In Pregnancy When My Breasts Dried Their Milk Tears


Alright. It’s time I write about this.

About being tired of breastfeeding.

So tired I was hating it. So tired… and no longer looking forward to it. How could all of me feel like “I love him and I love this” and “I don’t want this to stop yet,” but at the same time all of me worried about feelings of “I hate this.”

I wanted to feel normal again; I wanted to feel my breasts cry of milk instead of pain.

I didn’t want to tell anyone about the dark side. I feared the raised eyebrows, the lack of understanding, the assumptions. Pregnancy made me both too sensitive and too impatient to tolerate much:

“Why don’t you just wean him?”

“Enough is enough…”

“He’s old enough to be done.”

“You need to take care of yourself, too.”

“It’s time to let go.”

“Don’t you think this is nature’s sign to stop?”

I feared having to explain how I don’t need to wean him; he’s already weaning himself.

…how he still asks to nurse, so enough is enough does not apply.

…how age isn’t a measuring stick for readiness to fully move on.

…how taking care of my heart is an important part of taking care of myself, too.

…how ‘letting go’ doesn’t mean quite what they think it means.

And how nature does give us signs (they say “You’ll be okay, keep up the good work.”).

I was afraid to attempt to describe it for those who can’t feel what I feel. It’s a lot to expect of others, you know — to demand a full understanding of the maternal heart and this connection with my young child who changes and grows every day. I can barely keep up with it myself.

And it’s a lot to explain, under threat of needing to defend oneself against a certain unwanted reaction. That stony, uncomfortable facial expression or critically high-pitched “we all have our own opinions” opinion inspired by a mother’s admittance of “Breastfeeding has become awful, but yes, we’re still doing it.” The reaction that unfairly pegs her for a martyr or a masochist instead of what she actually is — a mother.

I can explain why I kept nursing, though:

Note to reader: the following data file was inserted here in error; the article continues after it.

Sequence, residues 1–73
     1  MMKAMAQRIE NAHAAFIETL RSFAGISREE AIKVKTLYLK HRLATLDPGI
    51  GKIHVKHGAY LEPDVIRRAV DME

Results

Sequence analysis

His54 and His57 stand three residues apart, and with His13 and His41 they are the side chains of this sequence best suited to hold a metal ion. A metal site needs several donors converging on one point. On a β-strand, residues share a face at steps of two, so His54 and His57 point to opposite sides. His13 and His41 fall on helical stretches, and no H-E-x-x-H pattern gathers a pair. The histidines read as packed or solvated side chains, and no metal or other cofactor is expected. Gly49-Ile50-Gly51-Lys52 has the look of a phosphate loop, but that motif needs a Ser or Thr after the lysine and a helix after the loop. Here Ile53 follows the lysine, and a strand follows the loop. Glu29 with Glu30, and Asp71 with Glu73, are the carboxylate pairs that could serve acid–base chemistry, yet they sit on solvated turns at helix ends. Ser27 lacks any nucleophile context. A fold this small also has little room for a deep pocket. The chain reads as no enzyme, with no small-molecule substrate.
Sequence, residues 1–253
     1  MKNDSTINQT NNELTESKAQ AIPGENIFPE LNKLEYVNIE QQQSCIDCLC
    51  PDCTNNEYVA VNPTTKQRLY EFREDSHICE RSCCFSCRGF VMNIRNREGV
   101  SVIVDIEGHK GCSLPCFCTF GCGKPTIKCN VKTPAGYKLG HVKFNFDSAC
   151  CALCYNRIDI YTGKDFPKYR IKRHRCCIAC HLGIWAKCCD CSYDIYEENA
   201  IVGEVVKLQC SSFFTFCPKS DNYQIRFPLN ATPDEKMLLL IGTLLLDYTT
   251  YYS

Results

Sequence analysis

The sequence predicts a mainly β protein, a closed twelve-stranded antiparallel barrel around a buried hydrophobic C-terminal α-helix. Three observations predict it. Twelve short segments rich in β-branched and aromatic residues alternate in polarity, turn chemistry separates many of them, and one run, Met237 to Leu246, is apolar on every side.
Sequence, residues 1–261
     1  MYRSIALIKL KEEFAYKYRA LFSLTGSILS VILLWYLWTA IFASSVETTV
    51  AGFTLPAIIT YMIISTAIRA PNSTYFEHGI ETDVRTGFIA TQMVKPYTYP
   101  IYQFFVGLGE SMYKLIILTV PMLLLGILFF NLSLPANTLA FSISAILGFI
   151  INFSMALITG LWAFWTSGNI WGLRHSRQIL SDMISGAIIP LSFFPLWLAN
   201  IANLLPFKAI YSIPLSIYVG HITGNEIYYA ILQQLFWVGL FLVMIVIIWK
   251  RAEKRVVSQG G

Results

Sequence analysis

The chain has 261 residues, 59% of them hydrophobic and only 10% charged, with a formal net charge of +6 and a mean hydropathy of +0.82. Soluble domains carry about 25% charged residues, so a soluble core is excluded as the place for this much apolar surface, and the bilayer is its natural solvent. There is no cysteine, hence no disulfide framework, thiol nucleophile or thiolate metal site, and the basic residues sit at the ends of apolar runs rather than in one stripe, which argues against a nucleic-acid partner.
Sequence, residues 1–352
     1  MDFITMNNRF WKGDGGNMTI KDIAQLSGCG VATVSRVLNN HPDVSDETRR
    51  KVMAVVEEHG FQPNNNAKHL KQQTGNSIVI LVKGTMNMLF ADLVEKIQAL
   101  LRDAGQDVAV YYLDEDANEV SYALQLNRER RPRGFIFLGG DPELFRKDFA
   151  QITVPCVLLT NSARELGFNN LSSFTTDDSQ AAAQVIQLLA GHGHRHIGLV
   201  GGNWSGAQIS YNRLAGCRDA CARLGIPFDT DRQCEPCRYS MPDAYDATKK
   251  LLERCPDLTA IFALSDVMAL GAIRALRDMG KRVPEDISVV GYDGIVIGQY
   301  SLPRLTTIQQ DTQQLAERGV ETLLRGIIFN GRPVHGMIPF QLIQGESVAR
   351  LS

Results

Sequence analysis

…because MaiTai kept nursing. Is it unfair to put all the responsibility upon him? I don’t think so. He owns his wants and needs without my influence. I would happily fulfill his request for a hug any day, and so I treated nursing as the same. I happily (though fearfully) fulfilled his requests to nurse; I assured myself that pain was a separate issue and it need not separate us.

…because I also kept doing other things for him that he needs or wants, including things I don’t particularly enjoy (like cooking homemade meals, washing his laundry, picking him up when he’s tired AND I’m tired too).

…because the milk was gone, but gone was not the hope that it would return. MaiTai continued to ask for ‘nanoo’ weekly, sometimes seemingly disappointed that the well was dry and other times continuing to suckle without much mind. He kept coming back as if he knew, instinctively, that the milk would one day come back, too.

…because it’s never painful forever. The pain was contained in its present; it did not linger. He would ask; we would nurse; I would wish it didn’t feel so horrible between the dried-up ducts and his worsening, ever-tightening latch. Then he would say, “Thanks Mommy, I’m all done now,” would stop nursing, and everything fell neutral again. After a nursing session, all I was left with was love, connection, and gratitude that drew a black-out curtain over memory of the temporary torture.

…because, of all the times we could’ve purposefully stopped nursing in nearly 3.5 years, this one of pregnancy-induced pain is but a player in a short chapter. Nature gave me instincts and they whispered reassuringly of this as a phase rather than a finality.

…Then Colostrum Jumpstarted the Mammary Memory

Unsurprisingly, I greatly look forward to nursing a newborn again. So tender, so sweet! — this is what I think after diving into my baby-feverish haze of memory. Then reality sneaks in the sucker punch of “But remember how physically draining it was? Remember how mentally exhausting? Remember how awkward and uncomfortable and unsure and fully responsible you felt?” Remember, remember, remember…??

Yes, thanks for that, brain. But let’s stay positive! The truth is the anticipation still makes my heart swell.

My brain, let’s get on the same page as my heart, shall we?

And on the same page as the rest of my body, which is getting pretty excited about nursing a baby too, if evidenced by the colostrum I’ve recently begun producing.

Hmm, yes, I had speculated a big change was afoot when MaiTai nursed six times in two days. I felt confused by his sudden steep increase of interest, but a-ha! — then I saw it. The goldleaf of thick yellow colostrum wet on my nipple, revealing what my body had been busy whipping up in the previous days or weeks.

Now a few weeks removed from my discovery of the colostrum, I notice that nursing no longer hurts like it did before when my milk had dried up. I don’t hate it! I’m not too tired of it. It doesn’t make me wish for an epidural for my nipples.

The nursing sessions these days are tip-toeing back to a state of painless (albeit still uncomfortable) neutrality that can be sustained. It helps that he just nurses long enough for a taste of the liquid gold and has no interest for long-winded nanoo marathons.

“I like when the nanoos have MORE like this,” MaiTai said, approving the reappearance of milk (even though it’s a different type than he likely remembers).

“What does it taste like?” I asked.

“Ummmm. Strawberries and blueberries!”

(I’ve heard colostrum tastes like straw, but I’ve never tried it so I’ll have to defer to MaiTai as expert on this one).

I told The Designated Dad, with a bit of nervousness in my laugh, “Soooo I guess this means we’re probably tandem nursing then…”